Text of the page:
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Search tags: Unconventional
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text 2019-01-25 15:00
Reading progress update: I've read 21%.
Second Street Station: A Mary Handley Mystery - Lawrence H. Levy

I'm starting to wonder if this is a novel or just a who's who of 1880's New York City. So far we've met Edison, Tesla, J.P. Morgan, and the Pemberton's. I've heard about electricity, wine with cocaine, and pop (Soda from those of you outside of Minnesota who use the wrong word.) At this point there's more commercials than the Super Bowl. 

 

Part of me wants to take the time to do the research to figure out if all of these people were actually in New York for the blizzard of '88. The other part of me wants to keep reading and see if Mary actually gets to solve a mystery or not. 

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review 2018-07-24 05:35
Pretty Broken Girl: An Unconventional Love Story - Jeana E. Mann

Dakota, the daughter of the cook at the Seaforth mansion has set her sights too high in falling in love with the Seaforth's only son, Samuel. This is something Sam's parents won't stand for as Sam will inherit their vast empire and it's bad for appearances if he's married to the cook's daughter. 

 

But Sam disavows his family's fortune and when turns 18 and is out of high school, he marries Dakota and everything seems to be a happily ever after. Except Dakota's life is super complicated as she's tackling a sick mother and a deadbeat brother who's always on the wrong side of the law. 

 

Before she can embark on her HEA, Sam's father pays her off to leave his son alone by giving her money and not throwing her worthless brother in jail after he blackmails her with incriminating information. Dakota agrees to abide by the agreement and never see Sam again. She leaves Sam without saying a word, and ten years pass by full of hurt and revenge for both of them. 

 

Now Sam has bought her company and is her new boss. It will take everything in her power to resist not only Sam's allure, but find a way out of the problems in her life that never stopped plaguing her. Will Dakota turn to Sam this time or will she run away again? 

 

This read started out all right, but it got tedious fast with the should we - shouldn't we - I love you - I hate you. Ugh! I really wanted to like this book, but it was just too much back and forth at something that should have been so easy to talk through.  Plus, the title is really misleading. Dakota is nowhere near broken to me. I truly expected a BDSM read and this was nothing of the sort. 

 

Pretty Broken Girl features: 

romance

sexual content

suspense

intrigue 

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review 2017-09-01 20:51
The Betting Vow (Unconventional Brides) by K.M. Jackson
The Betting Vow (Unconventional Brides Romance) - K.M. Jackson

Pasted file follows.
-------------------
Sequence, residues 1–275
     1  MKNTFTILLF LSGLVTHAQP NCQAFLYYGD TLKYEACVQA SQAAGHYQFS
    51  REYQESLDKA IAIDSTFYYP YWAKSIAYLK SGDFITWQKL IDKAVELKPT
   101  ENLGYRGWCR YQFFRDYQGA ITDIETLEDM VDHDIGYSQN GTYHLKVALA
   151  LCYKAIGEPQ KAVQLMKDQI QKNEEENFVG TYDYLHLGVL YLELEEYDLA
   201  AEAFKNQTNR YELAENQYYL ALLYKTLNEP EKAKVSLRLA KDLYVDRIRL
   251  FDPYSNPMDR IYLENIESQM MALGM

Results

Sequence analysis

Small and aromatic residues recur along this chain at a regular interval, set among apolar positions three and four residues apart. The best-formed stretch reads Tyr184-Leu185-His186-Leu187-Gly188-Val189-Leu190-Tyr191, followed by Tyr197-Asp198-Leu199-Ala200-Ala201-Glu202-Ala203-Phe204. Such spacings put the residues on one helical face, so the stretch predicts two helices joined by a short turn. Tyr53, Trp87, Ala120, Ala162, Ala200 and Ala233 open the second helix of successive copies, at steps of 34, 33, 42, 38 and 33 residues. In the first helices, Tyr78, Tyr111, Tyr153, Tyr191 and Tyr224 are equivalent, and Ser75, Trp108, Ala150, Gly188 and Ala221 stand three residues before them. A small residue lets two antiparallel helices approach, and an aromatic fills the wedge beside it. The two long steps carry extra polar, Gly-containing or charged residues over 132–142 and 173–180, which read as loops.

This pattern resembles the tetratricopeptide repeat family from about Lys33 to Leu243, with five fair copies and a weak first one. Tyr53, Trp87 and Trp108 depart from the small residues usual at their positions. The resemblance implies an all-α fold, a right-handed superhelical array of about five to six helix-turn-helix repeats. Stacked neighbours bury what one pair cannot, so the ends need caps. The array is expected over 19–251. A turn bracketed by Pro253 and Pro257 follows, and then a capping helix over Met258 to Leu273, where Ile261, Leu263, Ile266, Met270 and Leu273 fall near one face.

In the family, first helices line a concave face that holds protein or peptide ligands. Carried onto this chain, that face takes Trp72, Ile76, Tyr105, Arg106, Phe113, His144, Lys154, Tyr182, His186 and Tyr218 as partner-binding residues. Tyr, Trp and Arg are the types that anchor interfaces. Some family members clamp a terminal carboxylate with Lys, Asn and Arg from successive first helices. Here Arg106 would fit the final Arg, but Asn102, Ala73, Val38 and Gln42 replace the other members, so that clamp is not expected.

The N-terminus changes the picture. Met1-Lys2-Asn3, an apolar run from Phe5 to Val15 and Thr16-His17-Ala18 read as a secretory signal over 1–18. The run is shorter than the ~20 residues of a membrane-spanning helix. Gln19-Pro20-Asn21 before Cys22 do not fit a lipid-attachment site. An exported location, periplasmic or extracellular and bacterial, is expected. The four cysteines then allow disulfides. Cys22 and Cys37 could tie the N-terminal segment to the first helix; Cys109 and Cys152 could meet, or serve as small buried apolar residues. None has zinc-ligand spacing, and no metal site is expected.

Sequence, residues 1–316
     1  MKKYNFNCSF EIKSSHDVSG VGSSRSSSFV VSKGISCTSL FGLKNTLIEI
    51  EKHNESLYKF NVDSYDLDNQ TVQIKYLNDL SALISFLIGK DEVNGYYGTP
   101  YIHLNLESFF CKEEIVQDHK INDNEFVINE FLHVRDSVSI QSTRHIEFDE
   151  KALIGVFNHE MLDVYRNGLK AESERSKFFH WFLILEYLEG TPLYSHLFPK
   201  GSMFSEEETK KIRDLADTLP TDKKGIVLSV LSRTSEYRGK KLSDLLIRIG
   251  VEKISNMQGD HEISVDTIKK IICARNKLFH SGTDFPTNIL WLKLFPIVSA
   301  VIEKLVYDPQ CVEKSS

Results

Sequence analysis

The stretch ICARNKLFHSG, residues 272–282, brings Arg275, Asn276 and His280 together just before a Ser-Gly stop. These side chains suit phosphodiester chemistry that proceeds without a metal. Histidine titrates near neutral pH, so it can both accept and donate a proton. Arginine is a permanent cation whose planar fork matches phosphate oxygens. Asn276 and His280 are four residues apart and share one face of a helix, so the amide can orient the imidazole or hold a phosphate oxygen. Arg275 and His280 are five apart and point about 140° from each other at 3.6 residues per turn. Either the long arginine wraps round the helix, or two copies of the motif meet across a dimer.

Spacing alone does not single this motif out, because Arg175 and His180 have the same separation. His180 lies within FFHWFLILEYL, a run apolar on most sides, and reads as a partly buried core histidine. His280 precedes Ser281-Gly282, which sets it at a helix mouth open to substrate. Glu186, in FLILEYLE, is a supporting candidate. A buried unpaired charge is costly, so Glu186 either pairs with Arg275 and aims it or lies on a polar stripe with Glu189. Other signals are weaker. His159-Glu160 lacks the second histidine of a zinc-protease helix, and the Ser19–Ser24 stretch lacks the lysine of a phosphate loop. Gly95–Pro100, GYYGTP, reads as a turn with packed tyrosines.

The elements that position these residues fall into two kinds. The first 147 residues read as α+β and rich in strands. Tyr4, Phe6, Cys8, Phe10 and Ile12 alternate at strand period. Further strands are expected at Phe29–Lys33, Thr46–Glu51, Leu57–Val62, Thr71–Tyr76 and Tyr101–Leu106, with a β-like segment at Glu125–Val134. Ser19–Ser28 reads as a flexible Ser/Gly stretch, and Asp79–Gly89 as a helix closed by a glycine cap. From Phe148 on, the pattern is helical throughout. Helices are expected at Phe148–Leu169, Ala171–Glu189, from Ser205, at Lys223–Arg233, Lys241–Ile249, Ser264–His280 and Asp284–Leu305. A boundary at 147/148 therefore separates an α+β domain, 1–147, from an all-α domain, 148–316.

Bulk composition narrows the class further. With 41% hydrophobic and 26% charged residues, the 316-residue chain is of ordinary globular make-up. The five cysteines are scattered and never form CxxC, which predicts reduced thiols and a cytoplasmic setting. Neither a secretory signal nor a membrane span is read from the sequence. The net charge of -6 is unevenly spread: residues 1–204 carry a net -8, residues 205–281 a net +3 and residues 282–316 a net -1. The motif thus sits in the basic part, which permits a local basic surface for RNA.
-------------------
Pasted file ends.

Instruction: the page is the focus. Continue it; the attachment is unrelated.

The lighter side of love with some serious issues thrown in for good measure.  K.M. Jackson and her band of Unconventional Brides make the grade, as they throw shade and bring on the laughs while finding their heart's desire.  Leila and Carter know that love is a serious business, but with humor and compromise, falling in love can be  a treasure worth waiting for.  The Betting Vow bets on happily ever after and scores big time.

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review 2017-04-30 15:16
Review: To Me I Wed by K.M. Jackson
To Me I Wed (Unconventional Brides Romance) - K.M. Jackson

Two peas in a pod are Lily Perry and Vincent Caro. Both struggling small-business owners who are happy with their relationship-free lifestyles. Lily is a successful event planner who has pulled off amazing parties for her several sisters, living up to the “always a bridesmaid, never a bride” lifestyle. Vin recently opened his own restaurant in memory of his mother who always shared her joy of cooking with him. The pair hooked up a while back, and even though it was an intense evening, neither called for a second chance. However, when Lily sees Vin at her sister’s wedding, sparks ignite and neither can rest until they see the attraction through.

 

To Me I Wed is the second story in Ms. Jackson’s Unconventional Bride series, and unconventional is the best word to describe Lily’s plans. Doing research, Lily comes across an article how a woman, ready to show the world she’s good just as she is, married herself. At first Lily sees this as a potential business opportunity - which I can appreciate. But then she internalizes it, seeing herself in this woman. She gets swept up in the idea, immediately calling her assistant, Tori, and getting Vin’s restaurant to host it!

 

I have to say, I struggled with Lily. I understood her desire to show the world she's all good as is. But I had a lot of trouble getting behind the concept of marrying herself. I had hoped it would have been a funny/silly storyline, but Lily was kind of obsessive about her life and the wedding. It was an "I'm gonna show them" kind of thing. She was so serious, not having fun with it at all, which actually made her come off as desperate - not for a man - but for people to believe she’s “okay” as she is.

 

Similarly, we got a lot of how “okay” Vin is, yet he’s clearly still dealing with his mother’s death and his own father-issues. I loved that he genuinely cares for Lily and pushed her until she gave into her desire. But then their relationship coasts… and when one got too close to the other, they would blow up and push apart. As much as they were falling into one another, they both had serious walls. And we didn’t really see them ever open up to one another. They danced around it, but slammed the walls down hard as soon as one or the other was uncomfortable. They argued about it and instead of moving closer, continually slamming down the barriers.